“God has chosen the foolish things of the world to put to shame the wise…that no flesh should glory in His presence. But of Him you are in Christ Jesus, who became for us wisdom from God—and righteousness, and sanctification and redemption—that, as it is written, “He who glories, let him glory in the LORD.” (1 Corinthians 1:26–31—NKJV)

It is a never-ceasing cause of wonder for me to observe God’s hand through the ages. He rarely uses the dramatic, the profound, or the awe-inspiring acts that are fully within His capability. God seems to prefer, as a general rule, to use people, places, and things that are not noteworthy or extraordinary. More often than not, God acts in an understated sort of way while doing mighty things.

The Bible is full of such examples. God used Abraham to father many nations. God used a shepherd boy to slay a giant. God used a tiny nation, when considering its physical size, to change the course of the world. God used a Jewish maiden to be the mother of His Son. God sent His Son to take upon Himself the form of an humble man, and not just a man but a servant, to be the mighty Kinsman Redeemer for men.

In all probability, when God brought you to Himself, when you trusted Christ as your Savior and Lord, He probably did so in an understated sort of way. You may be an exception where God moved heaven and earth, but statistically you would be unusual. Your point of conversion most probably resembled the Ethiopian who was met by Philip, heard the Gospel, and trusted Christ somewhere along a roadway of life (Acts 8:26–40).

Please do not get me wrong, no conversion is unremarkable. Every conversion is a miracle, but not as the world would recognize it. The unregenerate mind is wired to discount what it does not grasp and what its native sense does not value. Your conversion is certainly remarkable to you, if to no one else, but your “unremarkable” testimony is the most powerful tool you have at your disposal to illustrate the Scriptures when you witness and share the Gospel.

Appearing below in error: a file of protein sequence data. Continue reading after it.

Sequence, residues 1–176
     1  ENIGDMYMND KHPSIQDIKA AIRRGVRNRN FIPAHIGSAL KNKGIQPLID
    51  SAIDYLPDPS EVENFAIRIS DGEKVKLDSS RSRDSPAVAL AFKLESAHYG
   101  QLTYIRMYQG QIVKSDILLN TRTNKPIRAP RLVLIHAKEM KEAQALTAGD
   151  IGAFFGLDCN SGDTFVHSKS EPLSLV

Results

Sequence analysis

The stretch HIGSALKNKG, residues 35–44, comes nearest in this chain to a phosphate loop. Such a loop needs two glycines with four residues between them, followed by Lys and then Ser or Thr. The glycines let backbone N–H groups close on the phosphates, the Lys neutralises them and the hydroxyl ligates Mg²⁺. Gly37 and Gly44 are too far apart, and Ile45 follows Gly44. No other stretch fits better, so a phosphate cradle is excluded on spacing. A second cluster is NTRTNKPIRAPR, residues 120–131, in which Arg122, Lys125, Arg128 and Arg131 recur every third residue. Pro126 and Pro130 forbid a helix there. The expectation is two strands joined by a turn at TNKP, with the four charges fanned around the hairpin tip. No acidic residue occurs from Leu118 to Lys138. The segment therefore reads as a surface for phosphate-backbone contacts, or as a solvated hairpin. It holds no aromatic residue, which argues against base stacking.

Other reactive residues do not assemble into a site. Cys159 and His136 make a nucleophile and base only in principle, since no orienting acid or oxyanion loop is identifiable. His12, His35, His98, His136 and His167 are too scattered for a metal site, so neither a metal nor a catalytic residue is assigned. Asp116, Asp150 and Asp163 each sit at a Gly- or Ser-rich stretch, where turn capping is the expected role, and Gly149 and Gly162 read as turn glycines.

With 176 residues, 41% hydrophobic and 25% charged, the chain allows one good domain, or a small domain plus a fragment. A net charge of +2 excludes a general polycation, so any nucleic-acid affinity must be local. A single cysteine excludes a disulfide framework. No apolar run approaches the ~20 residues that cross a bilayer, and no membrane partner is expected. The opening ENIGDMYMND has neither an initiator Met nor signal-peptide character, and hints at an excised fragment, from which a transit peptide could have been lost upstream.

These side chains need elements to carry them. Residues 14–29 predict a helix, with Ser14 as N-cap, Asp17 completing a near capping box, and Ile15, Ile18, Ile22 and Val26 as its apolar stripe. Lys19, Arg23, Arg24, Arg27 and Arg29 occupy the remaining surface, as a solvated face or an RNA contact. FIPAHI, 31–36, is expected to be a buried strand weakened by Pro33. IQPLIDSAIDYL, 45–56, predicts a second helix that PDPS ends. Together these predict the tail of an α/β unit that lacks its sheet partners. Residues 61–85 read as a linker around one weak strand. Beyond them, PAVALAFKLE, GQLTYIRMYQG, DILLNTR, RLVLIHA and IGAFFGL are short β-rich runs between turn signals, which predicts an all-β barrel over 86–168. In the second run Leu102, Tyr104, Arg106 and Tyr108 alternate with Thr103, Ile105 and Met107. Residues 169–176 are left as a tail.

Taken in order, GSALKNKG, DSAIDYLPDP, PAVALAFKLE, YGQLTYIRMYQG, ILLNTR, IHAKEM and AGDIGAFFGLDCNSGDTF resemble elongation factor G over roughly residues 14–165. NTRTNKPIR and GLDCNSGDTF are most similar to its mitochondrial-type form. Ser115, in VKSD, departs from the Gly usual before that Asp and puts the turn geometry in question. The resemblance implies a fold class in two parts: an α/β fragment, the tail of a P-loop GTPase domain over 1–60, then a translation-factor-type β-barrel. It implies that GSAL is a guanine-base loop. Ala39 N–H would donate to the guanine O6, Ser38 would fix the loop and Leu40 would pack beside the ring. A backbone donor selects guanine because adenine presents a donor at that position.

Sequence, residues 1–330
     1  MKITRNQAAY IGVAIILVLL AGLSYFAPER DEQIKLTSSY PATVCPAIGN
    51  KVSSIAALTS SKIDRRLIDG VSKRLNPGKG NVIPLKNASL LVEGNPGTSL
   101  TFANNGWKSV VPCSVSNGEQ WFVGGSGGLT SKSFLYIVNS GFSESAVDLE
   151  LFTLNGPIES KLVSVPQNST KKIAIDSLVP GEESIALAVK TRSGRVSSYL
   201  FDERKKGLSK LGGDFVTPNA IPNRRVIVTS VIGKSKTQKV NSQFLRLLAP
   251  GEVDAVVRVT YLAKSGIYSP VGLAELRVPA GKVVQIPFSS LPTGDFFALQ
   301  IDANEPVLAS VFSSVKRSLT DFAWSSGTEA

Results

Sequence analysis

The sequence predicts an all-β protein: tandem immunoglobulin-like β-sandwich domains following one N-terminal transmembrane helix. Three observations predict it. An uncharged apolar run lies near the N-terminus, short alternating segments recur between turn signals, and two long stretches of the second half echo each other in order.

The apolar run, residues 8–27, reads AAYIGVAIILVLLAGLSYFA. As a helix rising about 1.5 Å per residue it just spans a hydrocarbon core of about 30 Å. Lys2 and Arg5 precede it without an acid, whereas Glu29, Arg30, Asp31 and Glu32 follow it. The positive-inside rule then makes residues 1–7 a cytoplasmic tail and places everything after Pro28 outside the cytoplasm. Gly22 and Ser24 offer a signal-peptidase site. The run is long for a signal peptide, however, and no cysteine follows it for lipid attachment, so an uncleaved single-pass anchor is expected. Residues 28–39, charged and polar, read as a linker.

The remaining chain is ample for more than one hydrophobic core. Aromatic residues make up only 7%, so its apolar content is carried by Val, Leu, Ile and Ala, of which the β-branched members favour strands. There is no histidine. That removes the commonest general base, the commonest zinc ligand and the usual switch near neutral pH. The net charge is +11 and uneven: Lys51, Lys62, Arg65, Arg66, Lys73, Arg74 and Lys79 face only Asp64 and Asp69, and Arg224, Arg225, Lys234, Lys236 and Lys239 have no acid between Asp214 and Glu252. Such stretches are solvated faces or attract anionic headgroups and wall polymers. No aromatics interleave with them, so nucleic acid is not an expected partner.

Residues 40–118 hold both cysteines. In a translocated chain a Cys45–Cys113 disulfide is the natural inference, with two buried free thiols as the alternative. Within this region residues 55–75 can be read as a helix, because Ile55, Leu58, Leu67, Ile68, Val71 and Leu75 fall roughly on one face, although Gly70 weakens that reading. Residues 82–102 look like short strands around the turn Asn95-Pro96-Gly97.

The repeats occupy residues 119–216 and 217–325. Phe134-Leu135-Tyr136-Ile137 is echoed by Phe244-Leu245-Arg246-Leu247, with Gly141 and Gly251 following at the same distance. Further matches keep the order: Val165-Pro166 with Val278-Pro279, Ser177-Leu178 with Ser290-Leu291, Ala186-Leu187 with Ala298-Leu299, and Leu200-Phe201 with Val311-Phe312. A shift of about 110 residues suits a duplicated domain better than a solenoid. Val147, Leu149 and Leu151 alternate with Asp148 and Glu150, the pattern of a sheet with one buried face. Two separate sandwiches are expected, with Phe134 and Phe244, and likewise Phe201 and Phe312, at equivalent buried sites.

Our text explains the reason for God’s preference to use the “unremarkable.” Paul explains that God chooses (literally, to chose out for Himself by gracious and deliberate choice) the foolish things, weak, despised, and the non-existent things to put to shame the wise, the mighty, and to bring to nothing (make null and void, abolish) the things that are. His reason? So that no flesh may glory in His presence (not before Him, but in Him). In other words, humility before God may still revel in God’s gracious choice to save your soul but never allow any creeping drift in your bedrock understanding that there was nothing in you that drew Him. There was nothing seen or foreseen in you that attracted God’s grace.

Revel in the fact that three times in these six verses God simply states that He chose—and, if you are born again, you know He chose you! True, God chose that which is naturally a poor reflection of Himself so that you may be all the more aware of the fact that in Christ alone you find all the wisdom, righteousness, sanctification, and redemption required for you to be useful to Him in this world.

Verse 30 provides an outline of Paul’s book of 1 Corinthians. Each of the four topics is easily tracked through the chapters. Wisdom covers chapters 1–4, righteousness—5–6, sanctification—7–14, and redemption is featured in 15–16. Each topic has a good measure of overlap with the others, of course. In Christ every believer has made available to him everything he lacks, no matter how “unremarkable” in his own eyes he may be.

Jesus Christ is the Fountainhead (His Headship over the church and the saint) from which springs all wisdom. Wisdom includes knowing “what” is wise, knowing “why” it is wisdom, and knowing “how” to use that knowledge. Wisdom in Christ is not just book-learning, it is practical. 1 John uses two Greek words for “know,” one meaning knowledge that is learned by precept, and the other is knowledge learned by familiarity and practical experience. Jesus Christ is our Wise Counselor, our Advocate, and He reveals the Father to us.

From His wisdom unfolds both objective and subjective righteousness imputed and imparted to the saint. Sanctifying holiness in both the positional and practical sense is lavishly provided in the saint’s life. Redemption is the complete package of what God has designed for the believer (Ephesians 1 & 2). See to it—though you are probably ill-equipped to adequately reflect the glory of God—that you still glory in God and joyfully take advantage of the glories of Jesus Christ, your personal Savior, daily! Trust and obey.